The playoffs are loaded with star power at wide receiver, but Stefon Diggs and Ja’Marr Chase are a cut above. They’re both expected to play at least two games. If, as expected, we get a Bengals-Bills matchup in the divisional round, either Diggs or Chase will play at least three games.
A.J. Brown is just a small step below Diggs and Chase, and he’d be on Tier 1 if the Eagles were a 2-seed instead of a 1-seed. Not playing in the wild-card round takes Brown down a peg. And don’t overlook his teammate, Smith, who’s been on fire down the stretch.
The 49ers’ receivers are likely to play multiple games, but who’s going to be the preferred receiver in any given 49ers playoff game? They’ll also have to share targets with TE George Kittle and RB Christian McCaffrey.
There’s a case to be made that CeeDee Lamb should be ranked higher. Lamb has racked up 33-398-3 over his last four games and is the Cowboys’ uncontested alpha receiver. I just hate that Lamb and the Cowboys have to open the playoffs with a road game against the Buccaneers, even though they’re slight favorites.
Monitor the status of the Chargers’ Mike Williams before your draft. He sustained a back injury in the Chargers’ Week 18 loss to the Broncos and looked to be in a great deal of pain. Early reports say he’ll play against the Jaguars this week, but he’s probably not going to be at the height of his powers.
K.J. Osborn could be a nice under-the-radar asset in playoff leagues. Over his last four games, Osborn has compiled 25-350-2 on 33 targets. The Vikings are unpredictable and could be bounced early, but Osborn should probably be drafted before teammate Adam Thielen, who hasn’t had more than 67 receiving yards in a game since Week 4.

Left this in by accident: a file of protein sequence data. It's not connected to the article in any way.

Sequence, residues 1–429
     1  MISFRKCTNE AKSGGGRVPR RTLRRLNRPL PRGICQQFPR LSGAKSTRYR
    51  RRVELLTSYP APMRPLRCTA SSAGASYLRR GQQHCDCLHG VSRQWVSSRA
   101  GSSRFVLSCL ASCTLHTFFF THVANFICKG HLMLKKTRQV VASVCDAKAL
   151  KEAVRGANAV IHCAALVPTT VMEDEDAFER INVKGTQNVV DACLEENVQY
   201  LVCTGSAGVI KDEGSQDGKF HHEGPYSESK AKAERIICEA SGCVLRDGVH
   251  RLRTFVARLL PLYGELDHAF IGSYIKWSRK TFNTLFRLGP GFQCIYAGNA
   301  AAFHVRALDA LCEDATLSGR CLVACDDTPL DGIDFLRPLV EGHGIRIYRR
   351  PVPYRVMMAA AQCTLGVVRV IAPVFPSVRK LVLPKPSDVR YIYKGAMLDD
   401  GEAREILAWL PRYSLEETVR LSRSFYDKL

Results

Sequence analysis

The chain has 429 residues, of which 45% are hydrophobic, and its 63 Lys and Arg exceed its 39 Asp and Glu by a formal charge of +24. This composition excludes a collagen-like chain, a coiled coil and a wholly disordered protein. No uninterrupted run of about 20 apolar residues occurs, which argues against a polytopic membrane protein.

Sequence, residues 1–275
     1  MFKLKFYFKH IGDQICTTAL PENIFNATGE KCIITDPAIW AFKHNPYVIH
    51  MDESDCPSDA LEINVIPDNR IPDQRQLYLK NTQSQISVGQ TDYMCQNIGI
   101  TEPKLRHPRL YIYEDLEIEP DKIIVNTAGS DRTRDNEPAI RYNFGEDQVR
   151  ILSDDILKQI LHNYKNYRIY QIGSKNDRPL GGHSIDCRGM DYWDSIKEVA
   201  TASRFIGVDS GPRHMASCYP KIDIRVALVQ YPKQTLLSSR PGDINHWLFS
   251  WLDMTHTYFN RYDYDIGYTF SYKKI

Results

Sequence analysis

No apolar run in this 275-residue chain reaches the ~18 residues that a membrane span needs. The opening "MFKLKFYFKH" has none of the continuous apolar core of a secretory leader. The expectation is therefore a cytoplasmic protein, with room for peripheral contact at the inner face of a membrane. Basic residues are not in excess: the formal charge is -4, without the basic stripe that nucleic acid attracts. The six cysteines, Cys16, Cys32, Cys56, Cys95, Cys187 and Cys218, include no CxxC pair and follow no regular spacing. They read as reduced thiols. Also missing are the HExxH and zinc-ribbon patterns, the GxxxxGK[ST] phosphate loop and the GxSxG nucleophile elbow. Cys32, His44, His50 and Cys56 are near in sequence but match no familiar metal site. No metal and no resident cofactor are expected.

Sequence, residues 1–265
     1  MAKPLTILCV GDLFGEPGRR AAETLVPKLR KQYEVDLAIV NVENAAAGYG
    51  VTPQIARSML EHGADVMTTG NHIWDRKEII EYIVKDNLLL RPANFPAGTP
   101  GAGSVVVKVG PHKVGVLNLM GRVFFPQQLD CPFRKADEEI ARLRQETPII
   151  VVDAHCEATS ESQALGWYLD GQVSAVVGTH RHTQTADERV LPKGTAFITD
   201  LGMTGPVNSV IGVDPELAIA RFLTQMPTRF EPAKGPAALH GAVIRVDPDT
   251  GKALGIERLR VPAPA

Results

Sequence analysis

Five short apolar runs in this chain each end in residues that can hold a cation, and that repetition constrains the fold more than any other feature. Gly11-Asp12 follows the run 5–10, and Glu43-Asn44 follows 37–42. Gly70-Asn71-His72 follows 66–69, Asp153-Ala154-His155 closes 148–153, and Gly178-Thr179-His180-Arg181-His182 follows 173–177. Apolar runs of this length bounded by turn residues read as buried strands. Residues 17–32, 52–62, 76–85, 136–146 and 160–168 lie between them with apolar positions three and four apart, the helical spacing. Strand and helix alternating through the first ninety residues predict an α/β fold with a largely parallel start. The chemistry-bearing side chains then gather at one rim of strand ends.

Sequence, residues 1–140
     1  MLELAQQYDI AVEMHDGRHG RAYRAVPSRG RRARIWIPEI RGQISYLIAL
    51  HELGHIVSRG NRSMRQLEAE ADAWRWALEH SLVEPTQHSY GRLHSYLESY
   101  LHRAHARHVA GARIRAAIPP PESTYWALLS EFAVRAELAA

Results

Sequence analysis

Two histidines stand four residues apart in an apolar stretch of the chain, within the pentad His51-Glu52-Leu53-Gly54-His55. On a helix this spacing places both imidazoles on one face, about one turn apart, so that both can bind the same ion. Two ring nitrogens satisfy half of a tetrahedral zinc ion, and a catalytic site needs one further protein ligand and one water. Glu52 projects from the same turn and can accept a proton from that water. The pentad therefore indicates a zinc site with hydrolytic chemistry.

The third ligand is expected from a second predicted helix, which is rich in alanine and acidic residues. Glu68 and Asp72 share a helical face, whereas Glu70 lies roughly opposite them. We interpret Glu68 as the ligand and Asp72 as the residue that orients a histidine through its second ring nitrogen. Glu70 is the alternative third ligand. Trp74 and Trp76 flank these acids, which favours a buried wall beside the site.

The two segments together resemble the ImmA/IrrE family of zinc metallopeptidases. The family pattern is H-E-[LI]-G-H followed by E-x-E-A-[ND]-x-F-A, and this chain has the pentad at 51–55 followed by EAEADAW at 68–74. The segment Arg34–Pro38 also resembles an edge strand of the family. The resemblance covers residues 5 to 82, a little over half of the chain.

Good receivers who are being faded because their teams are double-digit underdogs on wild-card weekend: Tyreek Hill and Jaylen Waddle of the Dolphins, and D.K. Metcalf and Tyler Lockett of the Seahawks.
I mentioned earlier that Christian McCaffrey should probably be the top pick in cumulative playoff league drafts, but you could also make a case for Travis Kelce as the No. 1. There’s an enormous chasm between Kelce and all the other tight ends, so you get a huge positional advantage by drafting him, and the Chiefs are likely to be around for a while. But with Kansas City the top seed in the AFC, Kelce and the Chiefs will be idle on wild-card weekend and can play a maximum of three games.
George Kittle is on a TD rampage, with seven touchdowns in his last four games. His yardage numbers vary wildly from week to week, but Kittle has become Brock Purdy‘s go-to guy in the red zone.
Speaking of touchdown binges, Dawson Knox has found the end zone in four consecutive games. He was a fantasy afterthought for much of the regular season, but he could be a valuable asset in playoff leagues, particularly if the Bills are able to make a run to the Super Bowl.
There is a BIG drop-off from Tier 3 to Tier 4. Make sure to get a tight end from one of those first three tiers. Some people might argue that Tier 4 denizen Hayden Hurst is a viable TE in playoff leagues with the Bengals likely to play at least two games, but Hurst is usually an afterthought in the Cincinnati passing game when WRs Ja’Marr Chase and Tee Higgins are both healthy.
I won’t elaborate on the kicker rankings. The tiering is based almost entirely on the likelihood of these kickers playing multiple games. But, yes, I’m fading the great Justin Tucker because I don’t expect Baltimore to be around very long. I’d rather have the Jaguars’ Riley Patterson, who’s been red-hot and gets a warm-weather home game on wild-card weekend.
San Francisco 49ers
Kansas City Chiefs
Tampa Bay Buccaneers
Los Angeles Chargers
New York Giants
Why are the 49ers and Bills a cut above? Because they’re great bets to play two or more games. The 49ers will most likely play at least three games. With first-round byes, the Chiefs and Eagles can play a maximum of three games — the 49ers and Bills could conceivably play four.